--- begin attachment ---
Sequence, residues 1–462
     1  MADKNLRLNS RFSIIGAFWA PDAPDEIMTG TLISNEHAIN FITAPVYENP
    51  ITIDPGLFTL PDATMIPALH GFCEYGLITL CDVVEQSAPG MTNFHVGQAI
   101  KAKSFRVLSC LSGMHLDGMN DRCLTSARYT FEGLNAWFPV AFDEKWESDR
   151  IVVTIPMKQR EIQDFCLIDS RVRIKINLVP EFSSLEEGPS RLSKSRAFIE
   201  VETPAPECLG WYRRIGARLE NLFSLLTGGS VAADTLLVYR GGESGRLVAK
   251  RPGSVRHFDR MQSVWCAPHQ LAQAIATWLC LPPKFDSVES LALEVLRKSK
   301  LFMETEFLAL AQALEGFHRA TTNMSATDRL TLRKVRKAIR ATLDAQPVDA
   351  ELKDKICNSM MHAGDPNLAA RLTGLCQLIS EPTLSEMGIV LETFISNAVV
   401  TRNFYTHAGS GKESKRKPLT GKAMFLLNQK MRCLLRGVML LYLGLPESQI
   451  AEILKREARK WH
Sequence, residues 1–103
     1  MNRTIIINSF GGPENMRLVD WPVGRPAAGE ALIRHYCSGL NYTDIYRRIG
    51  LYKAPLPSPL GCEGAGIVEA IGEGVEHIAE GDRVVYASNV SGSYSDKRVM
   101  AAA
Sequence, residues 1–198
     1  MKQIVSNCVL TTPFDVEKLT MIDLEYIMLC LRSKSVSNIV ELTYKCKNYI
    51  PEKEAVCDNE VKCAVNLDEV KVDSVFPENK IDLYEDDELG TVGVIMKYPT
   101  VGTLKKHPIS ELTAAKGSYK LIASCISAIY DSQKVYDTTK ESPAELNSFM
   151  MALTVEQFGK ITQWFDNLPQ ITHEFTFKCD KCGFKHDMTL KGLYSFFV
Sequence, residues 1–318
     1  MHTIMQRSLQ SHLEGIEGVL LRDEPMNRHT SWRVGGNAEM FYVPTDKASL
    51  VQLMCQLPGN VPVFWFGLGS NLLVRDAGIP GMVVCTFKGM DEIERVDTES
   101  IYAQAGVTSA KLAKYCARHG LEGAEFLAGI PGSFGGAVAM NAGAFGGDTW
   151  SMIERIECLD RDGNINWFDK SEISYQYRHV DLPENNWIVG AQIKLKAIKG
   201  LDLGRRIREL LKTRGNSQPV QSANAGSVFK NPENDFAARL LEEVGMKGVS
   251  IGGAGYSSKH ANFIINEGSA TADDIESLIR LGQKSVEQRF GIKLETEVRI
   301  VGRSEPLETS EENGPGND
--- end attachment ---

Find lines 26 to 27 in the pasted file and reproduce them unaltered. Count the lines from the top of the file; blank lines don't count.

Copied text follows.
   201  LDLGRRIREL LKTRGNSQPV QSANAGSVFK NPENDFAARL LEEVGMKGVS
   251  IGGAGYSSKH ANFIINEGSA TADDIESLIR LGQKSVEQRF GIKLETEVRI